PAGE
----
America and Israel have long been considered great allies, but it would be difficult to argue that the relationship has ever been as strong as it has been during the Trump-Netanyahu era.
The friendship makes sense. President Trump's policies, especially as they pertain to Israel, are almost completely synchronized with the preferences of Netanyahu. In peace discussions, the Trump administration has uniquely implied that it isn't married to a two-state solution peace plan — thereby alleviating pressure former presidents had placed on the prime minister.
On a political level, it also makes sense. Trump is popular in Israel and he likes Netanyahu a great deal. Netanyahu even named a town in Israel after the American president. Trump, on the other hand, is more than glad to appeal to the large pro-Israel base that consists of Republicans, independents, and some moderate Democrats by engaging positively with Netanyahu. By doing so, he can make his Israel policy critics appear to the laymen as fringe, anti-Israel extremists.
But perhaps, between the lines, there is a deeper reasoning that explains the nature of their relationship.
Since the beginning of Trump's administration, and over the last few years of Netanyahu's, both have had to deal with unreasonable political opponents, an overtly adversarial media, and distracting politicized investigations. These challenges have been specific to these two individuals; each is thus uniquely qualified to understand the other's predicaments. Perhaps that explains their tremendous relationship.
But the core similarity has been the joint investigations into their respective actions. Specifically, the similarities lie in the way opponents and media alike have responded to the investigations. Instead of allowing the investigations to go to completion, foes and the media have turned them into distractions for political gain. This commenced before either of the investigations reached its natural conclusion.
The willingness of the media and politicians to assume and report negative outcomes prior to any information being released was simply irresponsible. In the American case, the media were made to look foolish when the results contradicted two years' worth of "bombshells." Indeed, President Trump was correct to call the process "a hoax," and Netanyahu has wisely borrowed some of the language Trump used in describing the investigations in Israel. Only Trump and Netanyahu can understand each other's frustration in dealing with folks who were so blatantly willing to make brazen and, sometimes, even fabricated claims.
Both are also forced to deal with foes who are irrationally not accepting the results of democratic elections. In Trump's case, Democrats continue to bemoan the results of an election that took place almost three years ago. They now refuse to accept the result of an investigation that they desired. Now, with all other options off the table, many Democrats are going with an impeachment narrative, which has no basis in reality.
In Netanyahu's scenario, his political nemeses didn't allow him to form a governing coalition, which has forced a repeat election for the first time in Israeli history. Thus, Israel will be forced to undergo a nearly identical election to the one it recently completed, and undertake the tremendous costs associated with that. This occurrence has led one Israeli reporter to refer to the situation as "the dumbest thing [she has] ever seen in the Knesset." Both Netanyahu and Trump have made attempts at bringing their adversaries to the table for the sake of compromise instead of partisan politicking, but to no avail. Not due to fault of their own, but because no one has come forward ready to have a reasonable discussion.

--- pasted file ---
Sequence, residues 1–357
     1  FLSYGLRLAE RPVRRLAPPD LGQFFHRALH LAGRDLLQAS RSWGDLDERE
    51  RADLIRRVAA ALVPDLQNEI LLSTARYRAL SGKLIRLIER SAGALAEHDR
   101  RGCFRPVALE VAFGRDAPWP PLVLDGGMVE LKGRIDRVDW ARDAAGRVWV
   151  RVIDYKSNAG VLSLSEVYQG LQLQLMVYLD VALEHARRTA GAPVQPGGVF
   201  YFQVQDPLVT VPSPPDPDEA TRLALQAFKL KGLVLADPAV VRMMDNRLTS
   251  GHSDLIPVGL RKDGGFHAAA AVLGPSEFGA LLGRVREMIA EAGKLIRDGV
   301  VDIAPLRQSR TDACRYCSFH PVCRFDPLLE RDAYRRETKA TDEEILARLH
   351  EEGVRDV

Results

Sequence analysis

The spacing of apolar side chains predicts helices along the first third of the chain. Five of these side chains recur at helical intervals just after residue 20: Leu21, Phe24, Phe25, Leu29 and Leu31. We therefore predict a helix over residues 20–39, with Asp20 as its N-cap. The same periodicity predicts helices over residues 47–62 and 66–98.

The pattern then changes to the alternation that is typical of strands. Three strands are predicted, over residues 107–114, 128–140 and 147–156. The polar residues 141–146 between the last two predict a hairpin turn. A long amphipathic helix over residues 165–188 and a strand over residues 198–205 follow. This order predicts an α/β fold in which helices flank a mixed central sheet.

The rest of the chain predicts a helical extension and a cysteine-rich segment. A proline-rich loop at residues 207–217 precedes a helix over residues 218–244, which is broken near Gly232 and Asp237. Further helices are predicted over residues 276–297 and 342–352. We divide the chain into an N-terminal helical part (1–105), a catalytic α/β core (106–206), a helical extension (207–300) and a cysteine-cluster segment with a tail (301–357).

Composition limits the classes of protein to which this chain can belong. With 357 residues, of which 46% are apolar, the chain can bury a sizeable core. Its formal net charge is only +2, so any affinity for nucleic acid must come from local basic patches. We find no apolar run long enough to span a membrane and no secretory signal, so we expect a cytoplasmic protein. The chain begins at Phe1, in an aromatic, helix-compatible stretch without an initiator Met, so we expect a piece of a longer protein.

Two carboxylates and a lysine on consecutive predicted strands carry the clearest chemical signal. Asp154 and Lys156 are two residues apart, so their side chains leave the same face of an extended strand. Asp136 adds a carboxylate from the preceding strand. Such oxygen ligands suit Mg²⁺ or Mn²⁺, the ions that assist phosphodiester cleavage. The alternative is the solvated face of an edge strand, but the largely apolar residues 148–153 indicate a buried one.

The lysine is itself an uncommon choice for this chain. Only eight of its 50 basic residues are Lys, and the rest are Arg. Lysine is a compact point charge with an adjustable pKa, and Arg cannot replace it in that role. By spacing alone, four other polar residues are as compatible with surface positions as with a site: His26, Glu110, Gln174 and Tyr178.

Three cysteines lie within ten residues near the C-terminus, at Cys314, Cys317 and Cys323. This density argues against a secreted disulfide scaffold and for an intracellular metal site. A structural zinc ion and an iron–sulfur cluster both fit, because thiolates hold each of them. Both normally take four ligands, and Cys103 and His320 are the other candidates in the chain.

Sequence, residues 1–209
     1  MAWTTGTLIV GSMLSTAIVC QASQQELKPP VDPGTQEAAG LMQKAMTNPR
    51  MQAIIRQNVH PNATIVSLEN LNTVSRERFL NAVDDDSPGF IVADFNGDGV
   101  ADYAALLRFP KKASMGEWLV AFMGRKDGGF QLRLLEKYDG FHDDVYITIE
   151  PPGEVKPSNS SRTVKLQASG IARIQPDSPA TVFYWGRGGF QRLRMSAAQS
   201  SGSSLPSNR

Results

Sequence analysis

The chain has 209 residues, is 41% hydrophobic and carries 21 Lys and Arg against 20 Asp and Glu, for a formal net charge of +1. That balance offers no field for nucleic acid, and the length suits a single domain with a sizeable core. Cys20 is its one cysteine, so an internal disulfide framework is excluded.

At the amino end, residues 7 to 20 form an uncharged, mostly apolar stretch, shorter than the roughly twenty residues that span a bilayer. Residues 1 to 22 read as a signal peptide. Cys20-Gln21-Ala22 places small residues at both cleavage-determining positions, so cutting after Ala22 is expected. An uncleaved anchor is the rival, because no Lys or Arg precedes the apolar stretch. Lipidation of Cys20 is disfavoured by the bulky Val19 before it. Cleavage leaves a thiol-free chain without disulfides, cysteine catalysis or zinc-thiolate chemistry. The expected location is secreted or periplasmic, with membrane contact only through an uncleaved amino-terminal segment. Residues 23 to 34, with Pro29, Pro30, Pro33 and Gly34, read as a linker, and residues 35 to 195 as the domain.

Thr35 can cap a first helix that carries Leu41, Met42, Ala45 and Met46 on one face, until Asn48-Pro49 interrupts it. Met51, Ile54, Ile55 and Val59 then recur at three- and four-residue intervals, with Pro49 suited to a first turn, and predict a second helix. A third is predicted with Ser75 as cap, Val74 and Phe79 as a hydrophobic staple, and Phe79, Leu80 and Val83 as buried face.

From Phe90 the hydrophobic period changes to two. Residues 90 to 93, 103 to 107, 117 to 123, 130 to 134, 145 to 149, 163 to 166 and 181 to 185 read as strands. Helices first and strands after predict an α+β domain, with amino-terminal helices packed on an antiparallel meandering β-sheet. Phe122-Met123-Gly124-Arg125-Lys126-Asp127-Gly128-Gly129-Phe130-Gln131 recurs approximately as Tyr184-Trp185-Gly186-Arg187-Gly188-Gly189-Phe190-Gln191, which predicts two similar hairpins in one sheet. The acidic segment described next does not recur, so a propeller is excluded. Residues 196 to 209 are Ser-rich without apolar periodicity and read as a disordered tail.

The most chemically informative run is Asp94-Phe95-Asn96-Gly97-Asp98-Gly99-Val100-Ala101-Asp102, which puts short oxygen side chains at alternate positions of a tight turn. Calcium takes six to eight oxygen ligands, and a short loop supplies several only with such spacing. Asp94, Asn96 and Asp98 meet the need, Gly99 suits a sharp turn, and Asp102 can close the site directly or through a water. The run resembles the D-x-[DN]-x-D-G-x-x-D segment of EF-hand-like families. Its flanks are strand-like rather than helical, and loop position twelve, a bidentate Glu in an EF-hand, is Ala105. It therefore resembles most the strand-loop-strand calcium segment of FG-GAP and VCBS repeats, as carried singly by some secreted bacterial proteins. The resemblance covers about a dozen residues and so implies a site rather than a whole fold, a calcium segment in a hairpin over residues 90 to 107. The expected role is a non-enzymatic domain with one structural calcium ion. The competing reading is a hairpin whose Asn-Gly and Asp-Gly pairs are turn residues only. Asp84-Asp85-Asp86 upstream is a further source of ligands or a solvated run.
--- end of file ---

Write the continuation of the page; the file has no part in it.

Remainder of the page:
The media has also been complicit in the partisan onslaught each leader has faced.
Since the beginning of the Mueller investigation, the media have been obsessed with it. One study found 353 minutes of nightly news airtime devoted to the Mueller probe. The fact that an investigation (particularly one that concluded what this one did) so significantly outweighed tangible policy results, like a historically strong economy, is asinine. Frankly, it's worse than that: It's media malpractice.
Netanyahu faces a similar barrage. Throughout his career, "Netanyahu would frequently complain about the media's negative attitude toward him [and these claims have] some merit." As one writer put it, "another re-election, another case of media bias against Netanyahu." It forced Netanyahu to speak about how he and the media are looking at two completely different realities.
Despite being geographically distant, Trump and Netanyahu face different, yet similar, challenges. And these challenges are, for the most part, imposed by the same types of people. It's understandable that they seem to appreciate each other on a level more significant than what we have previously seen between the holders of these two offices. Maybe it's that exact closeness that compelled Trump to support Netanyahu via Twitter upon learning that a new election would be held. Indeed, during the electoral process, "Trump was widely seen as overtly pushing to get Netanyahu elected, with a series of steps aimed at boosting Netanyahu’s popularity."
And so it is wholly feasible to suggest that their alliance stands on the fact that, when you pull back the curtains, these two leaders are working hard to serve their citizenry despite the intransigent obstacles they each face. It is a task that no one but the two of them can truly understand.
Elliot Fuchs is a political consultant and writer. You can follow him on Twitter @Elliot_Fuchs.